Several decades ago, veteran coach Teddy Atlas worked as an assistant to Hall of Fame trainer Cus D'Amato.
One of Atlas' duties included the training of D'Amato's teenage protégé Mike Tyson, who years later would become the most dominant heavyweight in the world.
Atlas and D'Amato parted ways in 1982, after Atlas had an altercation with a 15-year-old Tyson after Tyson had grabbed the buttocks of an 11-year-old female relative of Atlas. During the altercation, Atlas put a gun to Tyson's ear and told him to never touch his family again or he would kill him.
During a recent podcast, Atlas discussed how Tyson reached out, after 33-years, to bury the hatchet between the two.
However, Atlas believes that he screwed up their reconciliation by immediately asking Tyson to attend his charity foundation dinner, which is held yearly to raise money.
Atlas explains that his request was made in good faith, but Tyson likely felt that he was being used for monetary gain.
“I will tell you something I did wrong the next day after he apologized. He was waiting for me when I came down to check out in the lobby," Atlas said on his podcast.
“Mike came up to me and we were talking for a minute and as we were walking he was rubbing my back and it felt like he wanted to show his sincerity that he was telling you the truth and that it meant something. So we exchanged phone numbers and he asked me to call him. But here’s where I did something wrong.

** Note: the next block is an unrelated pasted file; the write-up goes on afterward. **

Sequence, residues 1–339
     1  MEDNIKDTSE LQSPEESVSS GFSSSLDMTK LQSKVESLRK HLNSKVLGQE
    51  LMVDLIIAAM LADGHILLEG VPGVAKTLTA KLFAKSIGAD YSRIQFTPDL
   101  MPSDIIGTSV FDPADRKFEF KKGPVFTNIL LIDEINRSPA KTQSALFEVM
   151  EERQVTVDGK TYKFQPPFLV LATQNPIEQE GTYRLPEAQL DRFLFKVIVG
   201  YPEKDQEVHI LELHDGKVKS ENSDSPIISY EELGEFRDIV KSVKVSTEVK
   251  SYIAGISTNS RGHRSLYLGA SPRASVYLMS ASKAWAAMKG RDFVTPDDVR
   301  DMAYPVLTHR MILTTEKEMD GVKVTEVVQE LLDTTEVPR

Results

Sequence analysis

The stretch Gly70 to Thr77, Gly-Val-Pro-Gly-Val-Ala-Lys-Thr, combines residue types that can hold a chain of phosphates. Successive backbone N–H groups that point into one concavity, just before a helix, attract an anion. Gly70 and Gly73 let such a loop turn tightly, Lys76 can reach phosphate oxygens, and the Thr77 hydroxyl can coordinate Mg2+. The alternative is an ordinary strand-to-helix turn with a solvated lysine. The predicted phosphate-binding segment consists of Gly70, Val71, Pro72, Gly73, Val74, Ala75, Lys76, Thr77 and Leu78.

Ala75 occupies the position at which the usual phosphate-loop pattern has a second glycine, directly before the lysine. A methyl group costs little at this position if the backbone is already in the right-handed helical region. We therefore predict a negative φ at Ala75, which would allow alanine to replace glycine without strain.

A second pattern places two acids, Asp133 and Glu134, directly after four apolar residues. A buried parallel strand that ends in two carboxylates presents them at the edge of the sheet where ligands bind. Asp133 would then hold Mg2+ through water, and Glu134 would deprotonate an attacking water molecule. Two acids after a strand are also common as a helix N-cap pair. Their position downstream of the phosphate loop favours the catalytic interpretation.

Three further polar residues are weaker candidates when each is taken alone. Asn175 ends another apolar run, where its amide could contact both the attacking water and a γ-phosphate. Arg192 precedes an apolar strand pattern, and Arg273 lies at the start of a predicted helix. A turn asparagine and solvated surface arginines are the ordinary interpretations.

“I remember calling him and instead of just saying, ‘Hi, what’s up’ - I called him to invite him to my charity foundation dinner, which means a lot to me. We need to have these celebrities to raise money for the charity. I regret it. Because it came off like, ‘Come to my dinner because you can help me make money’.
“He was like, ‘Well why don’t we talk first. Why don’t we meet up first' - and he was right. I think he thought that I was using him. I make no apologies for that because it was for the cause. But it doesn’t mean it feels right to that person after everything he had to go through to say what he said to me [after 33-years]. I understand what he felt and I don’t blame him."